• Reply 29 of 45
    knowitallknowitall Posts: 1,372member
    ... but if you stack the processors, the heat from one processor will affect the performance of the processors above or below it. AMD places their processors next to each other so they can cool all of them at the same time (and also run all of them at the same time).
    It’s about stacking transistors.
  • Reply 30 of 45
    melgrossmelgross Posts: 31,743member
    Interesting they’re starting with Xeons. Traditionally don’t they always start with low power chips and move to desktops and midrange mobiles and end with Xeons a year or more later?
    No. They used to start with big, expensive chips to help quickly recoup their R&D and horrid expenses of new process plants. But as things got smaller, and new processes were pushed back, with lower yields, they began to make small chips first, because the yields were higher, and then moved to larger chips once the process was stabilized.

    hopefull, this is a good sign.
  • Reply 31 of 45
    melgrossmelgross Posts: 31,743member
    Rayz2016 said:
    melgross said:
    Despite some if the thinking here, the article does express some of what I’ve been reading elsewhere that shows impressive possibilities. Never count Intel out.
    No one has ever doubted Intel’s ability to demonstrate. What they doubt is Intel’s ability to stick to a timeline and deliver on it. 

    Well, tht]Arstechnica a jaundiced view. It reminds me of the views that those who do t like Apple tend to hold about them. When all was thought to be lost against and back in the early 2000’s, Intel roared back, almost destroying and in the process, as and blundered around with Bulldozer. Are people already forgetting about that?

    Intel is stuck possibly because they are trying to make a proper 10nm process with transistor density that actually matches 10nm, and. Not 14 or 16 as their competitors have been doing. It’s obviously much harder to do, and so Intel seems to be behind. But if they get their process working in late 2o19, they will have lost a year, competitively. The point is that it doesn’t matter as much for them. It’s interesting to note that AMD has recently come out with a 7nm chip design, which seems to be about at the same level, core for core, to what Intel has been doing on their 14+++ process for over a year now. What does that tell you?

    its the mobile market that’s grabbing 7nm now, really equivalent to 10-12nm from Intel. Intel isn’t doing mobile chips like that, even with the M series, so they’re less affected.
  • Reply 32 of 45
    Mike Eggleston a déclaré:
    La seule question que je pose est de savoir si Apple va continuer à utiliser la feuille de route ou si elles ont assez et veulent créer leurs propres processeurs pour leur gamme Mac. Ma pensée est que c'est trop peu, trop tard et Apple vont juste faire leurs propres puces.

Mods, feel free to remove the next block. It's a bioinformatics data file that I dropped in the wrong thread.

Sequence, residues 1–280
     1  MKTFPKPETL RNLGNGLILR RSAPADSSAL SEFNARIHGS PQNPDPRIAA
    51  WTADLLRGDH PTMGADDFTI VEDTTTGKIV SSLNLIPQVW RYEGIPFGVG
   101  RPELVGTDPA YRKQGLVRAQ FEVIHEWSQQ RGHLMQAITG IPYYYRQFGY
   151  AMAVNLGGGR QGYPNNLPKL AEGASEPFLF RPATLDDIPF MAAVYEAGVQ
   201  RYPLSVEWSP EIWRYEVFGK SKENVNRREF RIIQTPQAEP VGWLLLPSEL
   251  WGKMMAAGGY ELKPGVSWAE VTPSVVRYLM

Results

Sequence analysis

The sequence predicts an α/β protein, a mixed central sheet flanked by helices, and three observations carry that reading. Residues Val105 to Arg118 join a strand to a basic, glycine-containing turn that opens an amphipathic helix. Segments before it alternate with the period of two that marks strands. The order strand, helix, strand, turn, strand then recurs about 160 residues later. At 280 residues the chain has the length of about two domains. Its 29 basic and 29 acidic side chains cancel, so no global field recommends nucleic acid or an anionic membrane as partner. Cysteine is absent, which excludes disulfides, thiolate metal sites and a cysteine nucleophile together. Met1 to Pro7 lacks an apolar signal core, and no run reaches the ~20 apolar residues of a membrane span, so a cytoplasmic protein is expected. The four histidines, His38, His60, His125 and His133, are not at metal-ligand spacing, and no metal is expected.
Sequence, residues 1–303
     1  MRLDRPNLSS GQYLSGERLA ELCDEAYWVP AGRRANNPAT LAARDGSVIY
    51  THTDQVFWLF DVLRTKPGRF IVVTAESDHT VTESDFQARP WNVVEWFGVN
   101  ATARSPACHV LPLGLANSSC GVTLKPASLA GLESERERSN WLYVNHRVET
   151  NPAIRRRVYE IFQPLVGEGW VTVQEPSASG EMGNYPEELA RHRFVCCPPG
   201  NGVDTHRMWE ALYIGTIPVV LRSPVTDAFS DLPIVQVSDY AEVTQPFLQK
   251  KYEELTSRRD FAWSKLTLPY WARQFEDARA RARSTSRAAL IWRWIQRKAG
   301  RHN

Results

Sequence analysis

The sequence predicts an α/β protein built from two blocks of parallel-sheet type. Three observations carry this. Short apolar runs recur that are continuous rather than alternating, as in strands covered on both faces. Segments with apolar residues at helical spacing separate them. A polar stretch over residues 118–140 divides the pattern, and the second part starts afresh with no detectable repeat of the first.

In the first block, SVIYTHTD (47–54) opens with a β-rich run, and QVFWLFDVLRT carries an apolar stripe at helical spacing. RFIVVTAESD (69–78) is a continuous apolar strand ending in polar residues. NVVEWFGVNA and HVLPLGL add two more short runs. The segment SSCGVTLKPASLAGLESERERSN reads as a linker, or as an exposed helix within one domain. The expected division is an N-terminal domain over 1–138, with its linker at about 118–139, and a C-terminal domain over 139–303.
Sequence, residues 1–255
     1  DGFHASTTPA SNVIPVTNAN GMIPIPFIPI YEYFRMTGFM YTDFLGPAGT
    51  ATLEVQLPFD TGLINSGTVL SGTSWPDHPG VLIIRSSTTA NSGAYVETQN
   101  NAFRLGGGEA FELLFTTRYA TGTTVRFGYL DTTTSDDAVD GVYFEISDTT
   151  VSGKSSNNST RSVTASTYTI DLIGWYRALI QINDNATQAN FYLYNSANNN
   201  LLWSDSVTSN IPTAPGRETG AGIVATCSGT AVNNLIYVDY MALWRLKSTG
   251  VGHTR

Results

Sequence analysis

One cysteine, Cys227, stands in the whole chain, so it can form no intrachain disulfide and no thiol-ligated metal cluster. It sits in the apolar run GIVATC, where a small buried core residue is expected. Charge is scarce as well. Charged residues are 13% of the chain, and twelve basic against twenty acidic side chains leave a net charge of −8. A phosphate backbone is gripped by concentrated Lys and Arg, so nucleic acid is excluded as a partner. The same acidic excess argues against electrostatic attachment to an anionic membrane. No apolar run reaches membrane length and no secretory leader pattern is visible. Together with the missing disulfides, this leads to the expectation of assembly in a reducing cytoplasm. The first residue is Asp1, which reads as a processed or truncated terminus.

Je pense qu'il serait ignorant de croire qu'Apple ne dispose pas d'une solution non Intel pour remplacer Intel. Trop de gens pensent que les capacités d'ARM sont à la hauteur de celles d'Intel, ce qui est totalement faux.  
    [URL=https://downloader.vip/torrent-sites/]Torrent[/URL] [URL=https://downloader.vip/turbotax/]TurboTax[/URL] [URL=https://downloader.vip/gogoanime/]Gogoanime[/URL]
    J'espère moi-même que tout ce qu'Apple fera, il obtiendra une licence x86 similaire à celle qu'AMD a réussi à obtenir. Le x86 règne toujours sur le monde et souvent sur Windows.  
    En cas de succès, the power engine, on a lui-même, un avantage majeur pour les fabricants d'appareils. A titre d’exemple, a été petit processeur aider à réduire une carte mère, permettant ainsi de réduire la taille, la taille et la masse tout en augmentant la capacité de la batterie.

    edited December 2018
  • Reply 33 of 45
    wood1208 said:
    For 2019, I would be interested 10nm chips with LPDDR4 and usual performance/power improvement for MAC laptops.
    Mac isn’t capitalized, it’s only shorthand for Macintosh. It’s not like PC.
  • Reply 34 of 45
    thttht Posts: 3,231member
    I’m more interested in if the A series will move to 3D stacking.

    For a while now, chip design takes advantage of turning off & on certain parts of the chips to maximize performance.

    For example, turbo charging for single/dual core then turning off the the other cores to reduce heat.  It will be interesting to see if 3D stacking makes a difference.  My guess is it improves multi core performances/tasks.  That sounds like significant graphs performance improvements...
    Apple has been using multi-chip stacking (not a new idea) on A-series packages for about 4 generations now. A typical A-series package includes the SoC (CPU, GPU, ISP, etc on a single die) and the DRAM stacked on top of the SoC in the package. 

    If they are going to stack something else in the package for a third layer, my bet would be NAND chips. 

    For your latter comments about about turning off CPU cores, that can already be done at the chip level. Intel already does this and Apple probably does this to varying degrees. 

    Intel is saying that their micro solder bumps is the big innovation, enabling higher I/O between chips in the package. 
  • Reply 35 of 45
    knowitall said:
    dysamoria said:
    knowitall said:
    Apple can make a big move and make all its (MAC) products $200 to $300 cheaper.